Universal point sets for planar graphs

Importance: High ✭✭✭
Author(s): Mohar, Bojan
Recomm. for undergrads: no
Posted by: mdevos
on: May 22nd, 2007

We say that a set $ P \subseteq {\mathbb R}^2 $ is $ n $-universal if every $ n $ vertex planar graph can be drawn in the plane so that each vertex maps to a distinct point in $ P $, and all edges are (non-intersecting) straight line segments.

Question   Does there exist an $ n $-universal set of size $ O(n) $?

More generally, if we let $ f(n) $ denote the size of the smallest $ n $-universal set, we are interested in the behaviour of $ f $. The best known upper bound is $ f(n) = O(n^2) $. Indeed, every $ n $-vertex planar graph can be drawn as required in the $ n \times n $ grid [dFPP], [S]. On the flip side, it is known that $ f(n) \ge 1.098n $ for sufficiently large $ n $ [CH].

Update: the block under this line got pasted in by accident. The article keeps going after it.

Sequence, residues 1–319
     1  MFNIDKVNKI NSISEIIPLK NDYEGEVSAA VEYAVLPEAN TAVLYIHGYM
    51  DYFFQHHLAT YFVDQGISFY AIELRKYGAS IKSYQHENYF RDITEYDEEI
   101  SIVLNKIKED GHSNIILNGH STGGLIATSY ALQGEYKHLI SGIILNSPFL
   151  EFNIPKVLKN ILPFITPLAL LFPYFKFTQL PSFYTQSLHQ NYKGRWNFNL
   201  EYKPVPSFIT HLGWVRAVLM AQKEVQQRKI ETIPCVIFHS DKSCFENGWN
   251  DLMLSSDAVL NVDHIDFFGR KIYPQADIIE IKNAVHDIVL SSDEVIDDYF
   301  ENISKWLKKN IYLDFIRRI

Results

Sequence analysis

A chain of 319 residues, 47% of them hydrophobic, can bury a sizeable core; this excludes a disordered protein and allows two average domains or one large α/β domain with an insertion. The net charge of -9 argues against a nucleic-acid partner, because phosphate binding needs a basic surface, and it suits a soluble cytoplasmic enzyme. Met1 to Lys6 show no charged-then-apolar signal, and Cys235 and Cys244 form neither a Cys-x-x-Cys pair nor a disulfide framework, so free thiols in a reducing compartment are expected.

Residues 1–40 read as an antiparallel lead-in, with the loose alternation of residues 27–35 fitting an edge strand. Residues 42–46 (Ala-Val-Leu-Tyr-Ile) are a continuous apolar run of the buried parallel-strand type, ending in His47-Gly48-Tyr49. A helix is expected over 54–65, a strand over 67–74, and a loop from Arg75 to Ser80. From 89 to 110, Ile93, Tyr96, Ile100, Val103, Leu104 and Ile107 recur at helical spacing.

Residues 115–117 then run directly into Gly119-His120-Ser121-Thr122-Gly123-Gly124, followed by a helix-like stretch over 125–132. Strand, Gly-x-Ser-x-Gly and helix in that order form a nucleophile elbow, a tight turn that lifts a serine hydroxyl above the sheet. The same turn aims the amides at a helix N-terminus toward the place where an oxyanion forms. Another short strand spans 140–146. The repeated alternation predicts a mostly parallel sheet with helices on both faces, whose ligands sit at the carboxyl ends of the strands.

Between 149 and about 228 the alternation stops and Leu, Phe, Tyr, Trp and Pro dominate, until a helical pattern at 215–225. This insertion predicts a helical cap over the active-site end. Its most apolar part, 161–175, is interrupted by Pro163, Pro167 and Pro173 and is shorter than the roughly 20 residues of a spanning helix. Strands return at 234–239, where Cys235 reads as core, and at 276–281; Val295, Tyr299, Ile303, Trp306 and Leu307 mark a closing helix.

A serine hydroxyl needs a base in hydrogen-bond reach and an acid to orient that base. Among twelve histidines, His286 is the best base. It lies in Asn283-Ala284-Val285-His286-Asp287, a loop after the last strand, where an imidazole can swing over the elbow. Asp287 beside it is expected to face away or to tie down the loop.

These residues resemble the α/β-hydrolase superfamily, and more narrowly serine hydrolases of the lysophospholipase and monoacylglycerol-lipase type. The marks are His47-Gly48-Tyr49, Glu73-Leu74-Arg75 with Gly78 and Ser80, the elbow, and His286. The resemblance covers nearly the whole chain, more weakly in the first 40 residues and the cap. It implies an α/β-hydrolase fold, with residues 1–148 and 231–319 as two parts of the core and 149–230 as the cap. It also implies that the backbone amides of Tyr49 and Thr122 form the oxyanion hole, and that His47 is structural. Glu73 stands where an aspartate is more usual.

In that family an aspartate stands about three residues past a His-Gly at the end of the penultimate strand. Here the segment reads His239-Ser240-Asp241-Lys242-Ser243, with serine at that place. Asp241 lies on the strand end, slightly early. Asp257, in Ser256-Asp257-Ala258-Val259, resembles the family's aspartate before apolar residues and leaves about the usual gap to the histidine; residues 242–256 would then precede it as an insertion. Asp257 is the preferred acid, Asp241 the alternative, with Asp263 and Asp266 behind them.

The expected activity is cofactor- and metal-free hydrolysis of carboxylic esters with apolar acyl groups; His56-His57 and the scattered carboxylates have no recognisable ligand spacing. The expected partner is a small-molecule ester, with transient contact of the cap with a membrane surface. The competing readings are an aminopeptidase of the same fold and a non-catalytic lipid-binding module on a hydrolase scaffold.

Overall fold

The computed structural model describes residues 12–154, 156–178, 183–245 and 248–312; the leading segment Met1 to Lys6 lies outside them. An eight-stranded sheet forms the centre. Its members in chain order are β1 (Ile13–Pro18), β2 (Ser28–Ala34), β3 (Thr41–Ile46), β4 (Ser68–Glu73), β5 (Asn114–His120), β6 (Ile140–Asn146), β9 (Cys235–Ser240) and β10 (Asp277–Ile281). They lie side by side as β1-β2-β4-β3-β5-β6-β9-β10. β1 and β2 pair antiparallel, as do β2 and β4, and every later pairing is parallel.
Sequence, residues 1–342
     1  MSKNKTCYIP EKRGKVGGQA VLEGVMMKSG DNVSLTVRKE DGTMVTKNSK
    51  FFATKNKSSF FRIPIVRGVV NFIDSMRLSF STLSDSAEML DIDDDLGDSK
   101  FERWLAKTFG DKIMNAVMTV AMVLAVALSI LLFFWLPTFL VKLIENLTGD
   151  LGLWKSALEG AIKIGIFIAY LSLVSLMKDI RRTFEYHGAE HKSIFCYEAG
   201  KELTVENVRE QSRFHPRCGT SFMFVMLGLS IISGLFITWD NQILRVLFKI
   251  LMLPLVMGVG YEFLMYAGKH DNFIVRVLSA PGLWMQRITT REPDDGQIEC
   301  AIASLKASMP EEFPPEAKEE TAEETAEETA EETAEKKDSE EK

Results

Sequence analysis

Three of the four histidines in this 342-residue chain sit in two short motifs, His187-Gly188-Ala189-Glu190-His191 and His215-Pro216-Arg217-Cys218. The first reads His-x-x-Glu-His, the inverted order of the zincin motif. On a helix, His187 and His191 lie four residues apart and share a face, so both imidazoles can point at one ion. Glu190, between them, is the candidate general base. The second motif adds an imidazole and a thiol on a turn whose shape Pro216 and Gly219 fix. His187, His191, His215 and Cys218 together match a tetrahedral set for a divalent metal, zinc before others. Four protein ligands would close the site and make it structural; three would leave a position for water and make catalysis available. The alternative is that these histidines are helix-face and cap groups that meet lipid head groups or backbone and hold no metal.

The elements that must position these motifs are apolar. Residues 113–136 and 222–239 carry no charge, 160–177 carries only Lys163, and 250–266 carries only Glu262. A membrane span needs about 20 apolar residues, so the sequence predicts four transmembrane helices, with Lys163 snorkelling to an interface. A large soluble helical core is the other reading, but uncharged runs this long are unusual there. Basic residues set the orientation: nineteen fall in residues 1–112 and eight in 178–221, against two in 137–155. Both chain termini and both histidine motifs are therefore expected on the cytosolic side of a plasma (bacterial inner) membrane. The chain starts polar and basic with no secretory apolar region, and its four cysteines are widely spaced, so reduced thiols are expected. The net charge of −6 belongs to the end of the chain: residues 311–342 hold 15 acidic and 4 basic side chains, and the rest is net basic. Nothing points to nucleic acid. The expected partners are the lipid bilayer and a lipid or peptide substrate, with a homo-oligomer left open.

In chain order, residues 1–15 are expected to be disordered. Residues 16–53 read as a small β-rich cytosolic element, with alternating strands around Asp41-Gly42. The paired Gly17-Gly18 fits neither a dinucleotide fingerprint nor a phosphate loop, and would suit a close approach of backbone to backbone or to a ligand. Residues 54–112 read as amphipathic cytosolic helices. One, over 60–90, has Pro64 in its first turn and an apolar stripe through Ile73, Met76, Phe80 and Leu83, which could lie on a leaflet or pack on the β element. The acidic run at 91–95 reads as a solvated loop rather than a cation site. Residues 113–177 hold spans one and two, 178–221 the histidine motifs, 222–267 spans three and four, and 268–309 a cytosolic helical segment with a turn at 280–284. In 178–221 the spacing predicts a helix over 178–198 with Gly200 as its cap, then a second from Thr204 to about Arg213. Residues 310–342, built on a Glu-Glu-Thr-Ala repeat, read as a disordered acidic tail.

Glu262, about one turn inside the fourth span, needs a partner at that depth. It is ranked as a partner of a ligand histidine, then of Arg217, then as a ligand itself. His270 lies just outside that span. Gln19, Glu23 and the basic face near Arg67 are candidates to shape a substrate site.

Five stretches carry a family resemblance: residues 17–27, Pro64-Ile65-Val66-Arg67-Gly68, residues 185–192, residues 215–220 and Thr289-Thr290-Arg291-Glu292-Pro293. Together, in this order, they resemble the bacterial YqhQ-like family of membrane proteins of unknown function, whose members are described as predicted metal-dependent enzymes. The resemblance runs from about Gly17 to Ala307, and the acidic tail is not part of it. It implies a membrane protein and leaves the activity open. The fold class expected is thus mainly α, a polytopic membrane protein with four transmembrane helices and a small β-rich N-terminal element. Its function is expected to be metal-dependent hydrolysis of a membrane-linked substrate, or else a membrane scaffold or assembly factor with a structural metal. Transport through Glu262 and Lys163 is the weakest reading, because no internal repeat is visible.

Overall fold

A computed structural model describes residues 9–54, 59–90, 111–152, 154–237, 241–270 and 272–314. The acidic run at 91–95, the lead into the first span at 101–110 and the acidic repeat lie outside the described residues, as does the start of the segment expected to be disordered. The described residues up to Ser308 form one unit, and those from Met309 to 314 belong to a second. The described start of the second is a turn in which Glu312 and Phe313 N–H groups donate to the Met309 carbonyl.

[CH] M. Chrobak and H.Karloff. A lower bound on the size of universal sets for planar graphs. SIGACT News, 20:83-86, 1989.

[dFPP] H. de Fraysseix, J. Pach, and R. Pollack. How to draw a planar graph on a grid. Combinatorica, 10(1):41-51, 1990. MathSciNet

[S] W. Schnyder. Embedding planar graphs on the grid. In Proc. 1st ACM-SIAM Sympos. Discrete Algorithms, pages 138-148, 1990.

* indicates original appearance(s) of problem.